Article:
Penny, one of the women you follow, seems like her own private Accountable Care Organization, managing a mind-blowing array of medical and other logistics for her mother. Can you talk a bit about this phenomenon.
It is one of the most common challenges of caregiving. Penny keeps track of diagnoses from several specialists, the medications prescribed by those specialists, tests and their results, upcoming doctors’ appointments, her mother’s Meals On Wheels schedule, the work of home health aides. Penny also monitors her mother’s finances and strategizes about how her mother’s care will get paid for in the months and years to come.
This need for care coordination springs from the fact that the family caregiver is, as I write in the book, a sort of accessory to the often fragmented world of professional medicine.
It seems that often, in families, one sibling will take on the role of caregiver while the others will hang back. True? And how then does this tend to play out in families? Massive guilt? Infighting? What?
It was a major topic in the support group—sibling dynamics. Unless a family is highly adaptable and good at working out issues together, a parent’s need for care will likely cause some degree of conflict among adult children. A parent’s emerging dependence, the “role reversal” that comes with it, the loss of the parent as authority figure and/or nurturer, and the anticipation of a final loss—all of this has a way of solidifying, perhaps exacerbating, childhood roles and dynamics. Emotions around “who Mom loved best,” and who is the “good daughter” or the “good son” and so on, become heightened. This could mean guilt on the part of the less involved sibling, defensiveness, or denial. It often means some degree of resentment on the part of the sibling who has taken on the bulk of the caregiving role.
Several of the caregivers in the group were working on finding ways to take care of themselves in the face of difficult sibling dynamics, to ask for help from family members who could provide it, and/or to set boundaries with family members—without further complicating family dynamics.
What did you learn about memory while covering this topic?
Primarily I learned about the centrality of memory in everything we do. There are many different types of memory, but in the most basic sense, memory is stored learning. Virtually every activity—from calculating complex equations to walking and eating—is accomplished because the brain remembers how to do it. Dementia is a terminal disease because of this central role of memory, of the brain. Dementia is fatal because eventually the brain can no longer remember how to keep the body alive.
What’s your takeaway on assisted living facilities?
On the one hand, I’m glad the good ones are there as an option. In our current long-term care system, keeping someone at home who is, say, incontinent, incompetent, agitated, or prone to wander, or all of these, may simply be too much; it can be too difficult sometimes to keep such a person safe. In addition, institutional care can offer the elderly who are living alone more social time, interaction, engaging activities. So I don’t think assisted living or nursing homes need always be seen as depressing or regrettable choices.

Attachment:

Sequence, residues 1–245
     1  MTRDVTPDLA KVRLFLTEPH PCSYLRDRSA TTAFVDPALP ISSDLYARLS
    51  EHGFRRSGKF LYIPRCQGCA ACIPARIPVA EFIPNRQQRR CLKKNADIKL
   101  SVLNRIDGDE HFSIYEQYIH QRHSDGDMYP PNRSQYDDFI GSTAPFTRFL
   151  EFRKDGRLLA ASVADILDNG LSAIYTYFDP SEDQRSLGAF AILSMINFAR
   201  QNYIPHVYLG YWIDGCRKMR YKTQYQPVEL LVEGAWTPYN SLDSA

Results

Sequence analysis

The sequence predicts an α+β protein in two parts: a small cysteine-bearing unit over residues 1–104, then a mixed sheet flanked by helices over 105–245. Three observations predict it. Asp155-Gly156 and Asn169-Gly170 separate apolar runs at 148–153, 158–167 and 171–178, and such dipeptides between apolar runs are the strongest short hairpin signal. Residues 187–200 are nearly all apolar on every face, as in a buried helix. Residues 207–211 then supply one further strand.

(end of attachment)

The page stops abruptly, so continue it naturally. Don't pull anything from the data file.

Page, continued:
On the other hand, I do think we should work on all feasible ways to give the elderly the option of staying in their homes — or the homes of family members, when that’s appropriate. And we should be continually working to improve institutional care.
Do you think the use of drugs in some of these institutions has grown out of hand?
That is my impression. But there also seem to be increasing efforts to reform drugs’ use. Professionals in the field of long-term care seem to be increasingly interested in non-pharmaceutical approaches to “managing behavior” (it’s such a clinical phrase) in nursing home residents. There seems to be more effort to see people with dementia, in particular, as whole human beings, people who benefit from soothing, nurturing environments; from activities that engage the parts of their minds that still function; from approaches that “meet them where they are”—approaches that don’t question their realities, but seek to validate and respond to their experiences, to improve the quality of their lives.
Research has shown that such “behavioral approaches” can successfully replace many pharmaceutical ones.
You write about certain “moments of loveliness” amidst the difficulties. Can you expand on this?
I was referring to moments in the support group when I witnessed a beautiful joining of intimacy, trust, and respectful distance. A diverse group came together each week, each person offering updates in his or her ongoing, private struggles. By sitting together, listening, telling stories, sharing practical advice, laughing and sometimes crying, there was closeness and also boundaries—which I think equals “safety.” No one tried to fix anyone else or her situation. I learned about the value of this kind of respectful, compassionate support.